Surgical Menopause: Everything You Need to Know

    Updated 24 April 2020 |
    Published 27 August 2019
    Fact Checked
    Reviewed by Dr. Anna Klepchukova, Intensive care medicine specialist, chief medical officer, Flo Health Inc., UK
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    Menopause begins after 12 consecutive months without a period and typically occurs in your 40s or 50s. Surgical menopause, however, is a medical alternative to this natural aging process. Next, learn more about surgical menopause symptoms and their management.

    What is surgical menopause?

    Surgical menopause involves the removal of your ovaries (oophorectomy), either on its own or in conjunction with a hysterectomy. Since the ovaries are your body’s main source of estrogen production, this could immediately trigger menopause, regardless of your age.

    Why an oophorectomy might be necessary

    An oophorectomy is often recommended by doctors to inhibit the development of chronic diseases. Patients at greater risk for breast or ovarian cancer based on family history may be advised to have one or both ovaries removed. In many cases, an oophorectomy is performed alongside a hysterectomy, which would similarly induce surgical menopause.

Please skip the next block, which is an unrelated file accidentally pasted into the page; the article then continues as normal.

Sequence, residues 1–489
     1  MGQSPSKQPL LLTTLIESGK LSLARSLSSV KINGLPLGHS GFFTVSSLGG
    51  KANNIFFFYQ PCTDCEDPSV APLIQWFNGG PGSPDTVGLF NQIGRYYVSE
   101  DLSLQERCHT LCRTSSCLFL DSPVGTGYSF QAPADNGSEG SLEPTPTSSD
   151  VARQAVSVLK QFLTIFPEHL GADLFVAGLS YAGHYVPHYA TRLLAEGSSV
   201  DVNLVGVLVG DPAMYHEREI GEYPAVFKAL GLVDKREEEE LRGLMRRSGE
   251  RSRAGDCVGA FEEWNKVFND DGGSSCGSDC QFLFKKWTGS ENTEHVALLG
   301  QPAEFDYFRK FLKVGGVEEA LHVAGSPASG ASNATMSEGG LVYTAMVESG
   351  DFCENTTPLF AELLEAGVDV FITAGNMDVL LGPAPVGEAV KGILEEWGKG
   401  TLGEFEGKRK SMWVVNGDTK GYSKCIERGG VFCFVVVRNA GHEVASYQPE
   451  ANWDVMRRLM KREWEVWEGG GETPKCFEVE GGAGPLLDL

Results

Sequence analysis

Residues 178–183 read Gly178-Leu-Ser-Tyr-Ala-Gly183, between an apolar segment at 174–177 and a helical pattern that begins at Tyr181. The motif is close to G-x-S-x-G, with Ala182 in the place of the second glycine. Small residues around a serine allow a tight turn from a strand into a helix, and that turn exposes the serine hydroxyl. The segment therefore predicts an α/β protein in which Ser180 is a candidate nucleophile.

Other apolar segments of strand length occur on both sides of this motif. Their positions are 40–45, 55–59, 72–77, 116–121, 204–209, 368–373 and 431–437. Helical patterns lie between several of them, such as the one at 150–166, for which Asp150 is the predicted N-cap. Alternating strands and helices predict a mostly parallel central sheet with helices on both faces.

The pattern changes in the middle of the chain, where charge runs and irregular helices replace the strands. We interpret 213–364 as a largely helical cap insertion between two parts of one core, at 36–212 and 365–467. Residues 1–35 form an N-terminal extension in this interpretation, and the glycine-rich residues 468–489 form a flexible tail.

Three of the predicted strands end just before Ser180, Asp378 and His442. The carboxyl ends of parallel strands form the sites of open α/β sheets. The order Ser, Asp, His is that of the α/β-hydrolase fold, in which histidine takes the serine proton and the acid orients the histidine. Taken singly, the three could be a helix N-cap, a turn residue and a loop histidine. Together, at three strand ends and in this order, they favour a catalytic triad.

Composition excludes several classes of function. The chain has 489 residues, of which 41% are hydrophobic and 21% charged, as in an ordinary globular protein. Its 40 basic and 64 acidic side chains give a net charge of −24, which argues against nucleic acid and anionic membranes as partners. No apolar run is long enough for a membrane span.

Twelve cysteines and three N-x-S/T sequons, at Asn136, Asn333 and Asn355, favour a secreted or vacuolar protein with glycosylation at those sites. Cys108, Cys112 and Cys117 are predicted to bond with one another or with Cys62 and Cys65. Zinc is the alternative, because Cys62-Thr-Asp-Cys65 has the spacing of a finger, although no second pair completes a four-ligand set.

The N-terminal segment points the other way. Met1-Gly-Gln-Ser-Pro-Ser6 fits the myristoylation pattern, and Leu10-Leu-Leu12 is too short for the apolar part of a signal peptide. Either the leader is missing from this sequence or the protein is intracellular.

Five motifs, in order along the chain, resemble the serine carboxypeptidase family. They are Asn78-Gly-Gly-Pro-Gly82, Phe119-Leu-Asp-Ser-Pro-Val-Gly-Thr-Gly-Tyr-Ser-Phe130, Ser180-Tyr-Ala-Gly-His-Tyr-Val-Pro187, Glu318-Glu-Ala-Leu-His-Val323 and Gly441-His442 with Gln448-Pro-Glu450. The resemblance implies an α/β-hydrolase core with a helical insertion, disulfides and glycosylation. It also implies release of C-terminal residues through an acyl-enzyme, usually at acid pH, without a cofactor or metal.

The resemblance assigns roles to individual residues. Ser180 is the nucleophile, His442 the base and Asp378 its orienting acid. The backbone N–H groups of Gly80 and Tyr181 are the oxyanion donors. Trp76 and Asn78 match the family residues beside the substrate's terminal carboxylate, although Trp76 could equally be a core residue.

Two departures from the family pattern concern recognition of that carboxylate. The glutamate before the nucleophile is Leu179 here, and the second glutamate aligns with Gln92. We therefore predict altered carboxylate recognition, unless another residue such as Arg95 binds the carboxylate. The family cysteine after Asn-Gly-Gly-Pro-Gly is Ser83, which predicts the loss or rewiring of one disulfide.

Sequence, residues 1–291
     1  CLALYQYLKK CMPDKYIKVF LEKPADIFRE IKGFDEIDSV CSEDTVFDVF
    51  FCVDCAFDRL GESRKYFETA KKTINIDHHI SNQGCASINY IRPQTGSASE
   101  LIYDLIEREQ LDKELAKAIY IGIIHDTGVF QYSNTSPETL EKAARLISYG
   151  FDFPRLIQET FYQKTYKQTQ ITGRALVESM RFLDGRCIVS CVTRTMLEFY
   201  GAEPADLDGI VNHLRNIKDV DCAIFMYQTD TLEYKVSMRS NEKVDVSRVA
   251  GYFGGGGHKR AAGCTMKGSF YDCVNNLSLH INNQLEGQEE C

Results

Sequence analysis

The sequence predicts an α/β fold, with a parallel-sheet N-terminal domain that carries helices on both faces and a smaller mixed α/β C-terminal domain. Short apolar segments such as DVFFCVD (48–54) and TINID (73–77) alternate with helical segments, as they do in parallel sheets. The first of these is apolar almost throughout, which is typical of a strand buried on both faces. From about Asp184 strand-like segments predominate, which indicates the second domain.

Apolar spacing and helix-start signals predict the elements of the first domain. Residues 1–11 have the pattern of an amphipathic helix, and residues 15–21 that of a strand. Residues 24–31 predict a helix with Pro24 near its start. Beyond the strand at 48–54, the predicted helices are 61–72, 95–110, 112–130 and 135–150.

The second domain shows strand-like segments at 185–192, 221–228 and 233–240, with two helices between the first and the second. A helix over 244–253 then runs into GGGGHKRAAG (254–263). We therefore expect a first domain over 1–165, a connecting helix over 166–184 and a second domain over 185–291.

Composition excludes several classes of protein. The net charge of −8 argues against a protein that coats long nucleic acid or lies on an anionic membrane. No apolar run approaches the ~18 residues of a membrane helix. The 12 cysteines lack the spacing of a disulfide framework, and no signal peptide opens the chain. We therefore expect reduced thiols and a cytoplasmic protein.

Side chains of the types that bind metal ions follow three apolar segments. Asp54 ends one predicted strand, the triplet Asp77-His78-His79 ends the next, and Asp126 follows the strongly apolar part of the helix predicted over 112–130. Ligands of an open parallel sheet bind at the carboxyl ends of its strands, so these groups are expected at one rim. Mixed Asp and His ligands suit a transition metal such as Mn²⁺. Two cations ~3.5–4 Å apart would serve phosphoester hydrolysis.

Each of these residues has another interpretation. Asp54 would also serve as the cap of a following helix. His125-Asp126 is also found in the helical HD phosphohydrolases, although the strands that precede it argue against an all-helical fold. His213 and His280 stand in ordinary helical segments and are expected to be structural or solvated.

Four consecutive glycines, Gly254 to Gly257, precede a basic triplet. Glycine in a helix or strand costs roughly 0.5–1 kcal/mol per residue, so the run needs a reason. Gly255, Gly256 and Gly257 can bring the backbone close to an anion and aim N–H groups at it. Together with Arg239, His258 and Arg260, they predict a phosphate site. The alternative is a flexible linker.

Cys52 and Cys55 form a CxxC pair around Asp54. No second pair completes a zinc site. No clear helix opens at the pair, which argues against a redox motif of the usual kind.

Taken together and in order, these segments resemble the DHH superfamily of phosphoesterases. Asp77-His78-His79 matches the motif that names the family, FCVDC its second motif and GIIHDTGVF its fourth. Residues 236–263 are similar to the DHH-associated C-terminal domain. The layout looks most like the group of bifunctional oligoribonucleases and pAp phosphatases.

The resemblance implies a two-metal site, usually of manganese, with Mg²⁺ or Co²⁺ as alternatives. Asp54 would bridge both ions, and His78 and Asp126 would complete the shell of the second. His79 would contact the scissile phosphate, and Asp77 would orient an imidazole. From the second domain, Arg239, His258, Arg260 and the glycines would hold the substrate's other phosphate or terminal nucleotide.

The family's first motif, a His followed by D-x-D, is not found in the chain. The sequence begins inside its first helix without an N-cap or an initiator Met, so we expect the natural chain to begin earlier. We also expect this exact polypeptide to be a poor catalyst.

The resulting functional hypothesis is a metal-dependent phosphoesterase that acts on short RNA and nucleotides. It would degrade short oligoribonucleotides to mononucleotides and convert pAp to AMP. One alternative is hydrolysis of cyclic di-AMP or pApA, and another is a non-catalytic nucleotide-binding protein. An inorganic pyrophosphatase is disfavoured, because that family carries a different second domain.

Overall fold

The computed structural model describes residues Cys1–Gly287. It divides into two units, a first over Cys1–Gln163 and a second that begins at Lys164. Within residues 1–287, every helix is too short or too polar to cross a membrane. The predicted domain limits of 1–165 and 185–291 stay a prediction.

The relief of chronic and persistent pelvic pain or symptoms of endometriosis have also been cited as reasons for undergoing an oophorectomy. Others include:

    • Ovarian torsion (or twisting, which hampers blood flow)
    • Recurrent ovarian cysts
    • Fibroids
    • Ovarian cancer
    • Benign ovarian tumors

    What is hormone replacement therapy (HRT)?

    Progesterone and estrogen are the primary hormones safeguarding your reproductive health. After surgical menopause, the shortage of these hormones produces a wide array of symptoms, such as:

    To control the adverse effects of surgical menopause, your doctor might suggest hormone replacement therapy. HRT addresses the sometimes severe hormonal imbalances in your body brought on by surgical menopause. 

    Menopause symptoms can be painful and disrupt your daily activities. HRT helps alleviate those symptoms while simultaneously curbing bone loss and aiding in the prevention of osteoporosis and cardiovascular disease. 

    This is particularly critical for women under 45 years of age who have an oophorectomy prior to experiencing natural menopause. They possess a greater chance of developing heart disease, neurological issues, and cancer without HRT. 

    Surgical menopause symptoms aside, don’t start HRT if you have:

    • A personal or family history of ovarian, uterine, or breast cancer 
    • A personal history of thrombosis, or blood clots
    • Untreated high blood pressure 
    • Liver disease

    Several different types of HRT are available to manage surgical menopause symptoms. Note that estrogen-only therapy is administered to hysterectomy patients, whereas women who still have their uterus use a combination of estrogen and progesterone. 

    Pros of surgical menopause